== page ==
Australia’s Health System Prime Target for Hacks, Minister Says
Australia’s hospitals and health care system are at a high risk from cyberattackers targeting citizens’ personal data, the home affairs minister said, adding the country needed to step up its efforts to combat hacking attempts.
(Bloomberg) — Australia’s hospitals and health care system are at a high risk from cyberattackers targeting citizens’ personal data, the home affairs minister said, adding the country needed to step up its efforts to combat hacking attempts.
Speaking ahead of an international cybersecurity meeting due to be held in Australia within months, Clare O’Neil told Bloomberg News that while protecting citizens’ data was a “core national issue” for the new Labor government, more work needed to be done to end Australia’s perception as a “soft target.”
“The question is, are we tackling the cybersecurity threat with an energy level commensurate to which we’re being attacked? And I would say that we’re not there at the moment,” she said in an interview late last week.
Australia will host an international ransomware task force in early 2023 to bring together countries including the US, UK and Germany in tackling the growing threat to cybersecurity.
The meeting comes after several hacks of major Australian companies in recent months, including communications giant Optus and medical insurer Medibank. Sensitive information of Australian consumers, including medical information and personal details, were leaked online as a result of the two attacks.
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O’Neil, who is also Australia’s cybersecurity minister, said the hacking of Optus and Medibank had been a factor in the decision by international leaders to pick Canberra to lead the talks.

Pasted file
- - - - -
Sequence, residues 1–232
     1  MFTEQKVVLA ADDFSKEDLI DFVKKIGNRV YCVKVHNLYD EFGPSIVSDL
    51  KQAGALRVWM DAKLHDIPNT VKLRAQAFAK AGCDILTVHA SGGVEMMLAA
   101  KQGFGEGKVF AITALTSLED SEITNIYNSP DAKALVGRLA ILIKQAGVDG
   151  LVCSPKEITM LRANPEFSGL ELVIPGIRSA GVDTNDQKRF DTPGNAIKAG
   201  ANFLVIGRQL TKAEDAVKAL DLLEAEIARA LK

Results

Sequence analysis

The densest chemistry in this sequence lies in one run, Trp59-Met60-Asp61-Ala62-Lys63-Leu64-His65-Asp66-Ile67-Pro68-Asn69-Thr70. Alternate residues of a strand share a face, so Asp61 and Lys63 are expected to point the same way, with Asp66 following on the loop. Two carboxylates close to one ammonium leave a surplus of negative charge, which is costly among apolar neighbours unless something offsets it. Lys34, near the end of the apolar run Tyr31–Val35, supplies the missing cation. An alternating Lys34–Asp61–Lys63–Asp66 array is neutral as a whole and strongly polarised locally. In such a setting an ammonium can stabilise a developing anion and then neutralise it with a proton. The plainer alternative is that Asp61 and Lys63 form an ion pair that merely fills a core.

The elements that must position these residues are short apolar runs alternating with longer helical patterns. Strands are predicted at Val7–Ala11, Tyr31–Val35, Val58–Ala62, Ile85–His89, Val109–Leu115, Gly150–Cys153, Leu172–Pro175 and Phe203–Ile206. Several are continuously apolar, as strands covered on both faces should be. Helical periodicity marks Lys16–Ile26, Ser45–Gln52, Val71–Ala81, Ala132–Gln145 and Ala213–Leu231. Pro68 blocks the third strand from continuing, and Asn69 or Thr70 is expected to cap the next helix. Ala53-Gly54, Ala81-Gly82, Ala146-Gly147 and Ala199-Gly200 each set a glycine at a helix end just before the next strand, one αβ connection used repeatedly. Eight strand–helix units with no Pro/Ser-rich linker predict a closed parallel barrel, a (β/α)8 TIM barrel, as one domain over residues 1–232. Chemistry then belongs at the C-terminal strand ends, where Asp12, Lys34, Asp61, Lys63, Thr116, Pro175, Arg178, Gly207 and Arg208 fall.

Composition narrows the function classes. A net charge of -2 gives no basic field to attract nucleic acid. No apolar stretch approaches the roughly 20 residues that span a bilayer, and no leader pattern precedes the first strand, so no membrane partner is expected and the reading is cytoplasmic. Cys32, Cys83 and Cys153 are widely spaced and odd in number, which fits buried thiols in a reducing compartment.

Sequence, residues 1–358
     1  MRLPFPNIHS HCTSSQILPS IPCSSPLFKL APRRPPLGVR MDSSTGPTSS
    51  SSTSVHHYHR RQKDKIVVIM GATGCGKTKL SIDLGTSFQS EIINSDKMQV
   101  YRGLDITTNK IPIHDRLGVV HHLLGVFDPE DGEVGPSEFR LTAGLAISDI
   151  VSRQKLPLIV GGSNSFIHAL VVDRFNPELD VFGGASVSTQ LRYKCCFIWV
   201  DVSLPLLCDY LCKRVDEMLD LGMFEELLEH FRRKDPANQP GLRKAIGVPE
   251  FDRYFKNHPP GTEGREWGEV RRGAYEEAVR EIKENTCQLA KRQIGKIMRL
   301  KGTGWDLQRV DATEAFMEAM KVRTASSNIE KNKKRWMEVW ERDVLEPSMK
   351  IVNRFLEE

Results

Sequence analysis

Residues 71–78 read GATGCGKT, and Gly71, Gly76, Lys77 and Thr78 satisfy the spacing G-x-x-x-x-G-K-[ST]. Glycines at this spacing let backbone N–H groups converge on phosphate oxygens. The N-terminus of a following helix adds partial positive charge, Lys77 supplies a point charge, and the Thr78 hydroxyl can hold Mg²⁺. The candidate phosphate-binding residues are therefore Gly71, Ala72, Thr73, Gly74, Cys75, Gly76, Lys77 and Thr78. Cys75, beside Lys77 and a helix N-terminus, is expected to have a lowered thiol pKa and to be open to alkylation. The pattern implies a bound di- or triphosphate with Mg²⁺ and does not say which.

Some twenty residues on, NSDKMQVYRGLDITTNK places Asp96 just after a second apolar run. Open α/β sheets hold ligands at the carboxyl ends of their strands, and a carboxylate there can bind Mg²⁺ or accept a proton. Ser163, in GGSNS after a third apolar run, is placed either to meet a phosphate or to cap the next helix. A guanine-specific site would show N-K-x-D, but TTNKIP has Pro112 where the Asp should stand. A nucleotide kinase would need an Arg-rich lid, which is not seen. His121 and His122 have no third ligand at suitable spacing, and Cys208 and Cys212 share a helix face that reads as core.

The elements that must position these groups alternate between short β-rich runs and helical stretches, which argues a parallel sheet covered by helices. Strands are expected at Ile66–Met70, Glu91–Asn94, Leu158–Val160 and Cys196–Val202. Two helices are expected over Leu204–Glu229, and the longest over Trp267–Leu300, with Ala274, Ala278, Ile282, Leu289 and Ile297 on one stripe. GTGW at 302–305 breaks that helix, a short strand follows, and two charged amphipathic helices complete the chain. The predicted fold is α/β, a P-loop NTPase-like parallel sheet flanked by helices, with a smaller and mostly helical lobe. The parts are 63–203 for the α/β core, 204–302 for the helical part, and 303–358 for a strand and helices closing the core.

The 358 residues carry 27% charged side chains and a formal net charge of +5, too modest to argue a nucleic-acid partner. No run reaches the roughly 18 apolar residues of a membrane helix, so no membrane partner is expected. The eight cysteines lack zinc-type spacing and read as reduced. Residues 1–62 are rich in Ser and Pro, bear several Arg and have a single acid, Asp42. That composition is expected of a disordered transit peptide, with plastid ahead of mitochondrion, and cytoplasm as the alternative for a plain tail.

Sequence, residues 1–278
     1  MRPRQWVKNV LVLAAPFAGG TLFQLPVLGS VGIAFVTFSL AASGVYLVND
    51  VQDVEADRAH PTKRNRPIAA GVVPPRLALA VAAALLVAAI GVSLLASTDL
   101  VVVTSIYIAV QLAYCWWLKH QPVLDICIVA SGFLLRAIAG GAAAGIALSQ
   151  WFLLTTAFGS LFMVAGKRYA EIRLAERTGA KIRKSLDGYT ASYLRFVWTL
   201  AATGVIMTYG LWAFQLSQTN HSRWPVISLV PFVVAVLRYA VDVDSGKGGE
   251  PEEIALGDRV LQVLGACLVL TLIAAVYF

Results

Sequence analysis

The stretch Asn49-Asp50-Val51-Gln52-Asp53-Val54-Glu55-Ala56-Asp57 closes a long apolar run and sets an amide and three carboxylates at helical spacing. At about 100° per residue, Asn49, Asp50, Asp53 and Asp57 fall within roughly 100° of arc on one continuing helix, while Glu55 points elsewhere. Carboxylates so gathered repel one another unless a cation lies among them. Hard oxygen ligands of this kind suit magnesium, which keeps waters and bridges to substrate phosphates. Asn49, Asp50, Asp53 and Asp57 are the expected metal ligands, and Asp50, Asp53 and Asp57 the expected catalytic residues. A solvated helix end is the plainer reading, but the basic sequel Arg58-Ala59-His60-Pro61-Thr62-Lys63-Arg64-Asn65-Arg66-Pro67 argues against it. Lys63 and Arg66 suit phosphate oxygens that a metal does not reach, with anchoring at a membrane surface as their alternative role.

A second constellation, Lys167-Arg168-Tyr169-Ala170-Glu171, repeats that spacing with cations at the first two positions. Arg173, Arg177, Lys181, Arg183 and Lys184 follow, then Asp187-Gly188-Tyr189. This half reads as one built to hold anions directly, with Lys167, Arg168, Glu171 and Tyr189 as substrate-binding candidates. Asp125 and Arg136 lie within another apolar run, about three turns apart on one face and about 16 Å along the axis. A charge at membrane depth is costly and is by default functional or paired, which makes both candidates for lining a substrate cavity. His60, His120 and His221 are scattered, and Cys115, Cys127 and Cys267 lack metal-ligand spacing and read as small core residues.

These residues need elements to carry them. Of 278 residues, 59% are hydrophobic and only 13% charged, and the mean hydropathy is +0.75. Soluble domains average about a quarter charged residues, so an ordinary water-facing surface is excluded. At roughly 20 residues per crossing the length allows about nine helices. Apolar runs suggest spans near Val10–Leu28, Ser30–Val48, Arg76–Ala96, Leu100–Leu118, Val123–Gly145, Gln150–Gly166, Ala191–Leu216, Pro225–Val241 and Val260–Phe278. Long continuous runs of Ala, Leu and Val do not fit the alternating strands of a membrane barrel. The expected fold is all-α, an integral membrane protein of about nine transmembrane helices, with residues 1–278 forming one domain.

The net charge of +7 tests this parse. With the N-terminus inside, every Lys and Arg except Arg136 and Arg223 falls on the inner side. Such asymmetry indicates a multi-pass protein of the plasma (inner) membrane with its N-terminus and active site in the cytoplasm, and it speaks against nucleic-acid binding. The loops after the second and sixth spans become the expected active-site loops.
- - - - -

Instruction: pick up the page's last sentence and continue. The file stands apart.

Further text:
“We would be foolish to deny the fact that the exact same attackers — the same actors, same technology — are targeting countries around the world who are just like Australia,” she said. The minister said she had received an official review into the attacks on Optus and Medibank and would be releasing the findings “relatively soon.”
O’Neil said the agenda for the meeting was still being decided among the nearly 40 countries attending, but it would work toward standardizing cybersecurity language and exploring ways to share information on ransomware threats.
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Already O’Neil said countries in the Pacific were reaching out to Australia for greater assistance with their own cybersecurity. An attack in the Pacific nation of Vanuatu in November left much of its government’s sites crippled for months.
At the same time, Australia has provided cybersecurity assistance as part of its involvement in Ukraine to help combat the Russian invasion.
O’Neil said there was a “really interesting, important role for Australia” to play in international cybersecurity going forward, but added it was a fight that never ended.
“If we ever have a cybersecurity minister in Australia that gives the tick and says ‘We’re right,’ then they’re just dreaming,” she said.
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